Hathersage with Outseats

Extract from Lewis's Topographical Dictionary of England, 1831.
Transcribed by Mel Lockie, © Copyright 2010
Lewis Topographical Dictionaries

HATHERSAGE, a parish in the hundred of HIGH-PEAK, county of DERBY, 5¼ miles (N. by E.) from Stoney-Middleton, comprising the chapelries of Darwent and Stoney-Middleton, and the hamlets of Bamford, Hathersage, and Outseats, and containing 1856 inhabitants. The living is a discharged vicarage, in the archdeaconry of Derby, and diocese of Lichfield and Coventry, rated in the king's books at £7. 0. 5., endowed with £200 private benefaction, £400 royal bounty, and £2000 parliamentary grant, and in the patronage of the Duke of Devonshire. The church, dedicated to St. Michael, is an ancient embattled structure in the later style of English architecture, consisting of a nave, side aisles, and chancel, with a lofty spire; in the chancel are several monuments of the family of Eyre, ancestors of the earls of Newburg; on an altar-tomb, represented, on brass plates, are effigies of Robert Eyre, who fought in the battle of Agincourt, and of his wife and fourteen children. On the south side of the church-yard is a spot shewn as the place of interment of Little John, the favourite companion of Robin Hood. The body of a Mr. B. Ashton, who was buried here in 1725, was discovered, in 1781, quite perfect and petrified, retaining the flesh colour as when entombed.

There is a place of worship for Wesleyan Methodists, and a chapel for Roman Catholics. This parish is in the honour of Tutbury, duchy of Lancaster, and within the jurisdiction of a court of pleas held at Chapel en le Frith every third Tuesday, for the recovery of debts under 40s. In 1718 a school was erected by subscription, on a piece of land given by B. Ashton, Esq., who endowed it with £5 per annum for the schoolmaster; the premises having become dilapidated, the school has been discontinued, and the arrears of annuity amount to about £100. There are several bequests for the use of the poor. Here are manufactories for needles, buttons, and calico. The river Derwent flows through the parish. Eastward from the church is Camp Green, a circular enclosure encompassed by a single mound and moat, evidently of Danish origin. In the vicinity are some irregular rocks, called rocking stones, or rock basins.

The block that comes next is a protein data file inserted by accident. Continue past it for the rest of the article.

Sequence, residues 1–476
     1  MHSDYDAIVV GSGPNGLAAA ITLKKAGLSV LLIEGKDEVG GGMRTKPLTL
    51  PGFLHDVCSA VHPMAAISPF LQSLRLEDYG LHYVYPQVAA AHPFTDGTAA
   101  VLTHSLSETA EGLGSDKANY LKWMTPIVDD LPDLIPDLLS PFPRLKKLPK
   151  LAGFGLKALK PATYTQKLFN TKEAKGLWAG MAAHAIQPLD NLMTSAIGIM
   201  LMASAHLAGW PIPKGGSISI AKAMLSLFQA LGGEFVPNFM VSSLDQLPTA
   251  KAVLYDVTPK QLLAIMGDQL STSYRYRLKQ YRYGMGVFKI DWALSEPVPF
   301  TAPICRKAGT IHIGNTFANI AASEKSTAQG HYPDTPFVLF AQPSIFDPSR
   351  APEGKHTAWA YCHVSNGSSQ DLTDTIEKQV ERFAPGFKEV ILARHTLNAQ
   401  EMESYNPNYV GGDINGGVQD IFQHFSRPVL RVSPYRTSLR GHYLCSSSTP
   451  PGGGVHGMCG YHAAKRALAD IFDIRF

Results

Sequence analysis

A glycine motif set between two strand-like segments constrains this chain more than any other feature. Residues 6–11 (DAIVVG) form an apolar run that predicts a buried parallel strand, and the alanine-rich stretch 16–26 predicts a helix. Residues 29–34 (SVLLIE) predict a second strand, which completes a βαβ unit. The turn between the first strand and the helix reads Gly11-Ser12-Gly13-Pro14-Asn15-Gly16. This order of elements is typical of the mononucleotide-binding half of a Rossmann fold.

BAMFORD, a hamlet in the parish of HATHERSAGE, hundred of HIGH-PEAK, county of DERBY, 6¼ miles (N. by W.) from Stoney-Middleton, containing 263 inhabitants.

DARWENT, a chapelry in the parish of HATHERSAGE, hundred of HIGH-PEAK, county of DERBY, 10 miles (N.N.W.) from Stony-Middleton, containing 123 inhabitants. The living is a perpetual curacy with that of All Saints, Derby, in the archdeaconry of Derby, and diocese of Lichfield and Coventry, endowed with £400 private benefaction, and £600 royal bounty. The chapel is dedicated to St. James. There is an endowment of £5 a year, arising from bequests by Robert Turner, in 1720, and John Eyre, in 1772, for teaching twelve poor children.

OUTSEATS, a hamlet in the parish of HATHERSAGE, hundred of HIGH-PEAK, county of DERBY, containing 177 inhabitants. Benjamin Ashton left a rent-charge of £5 for teaching ten poor boys.

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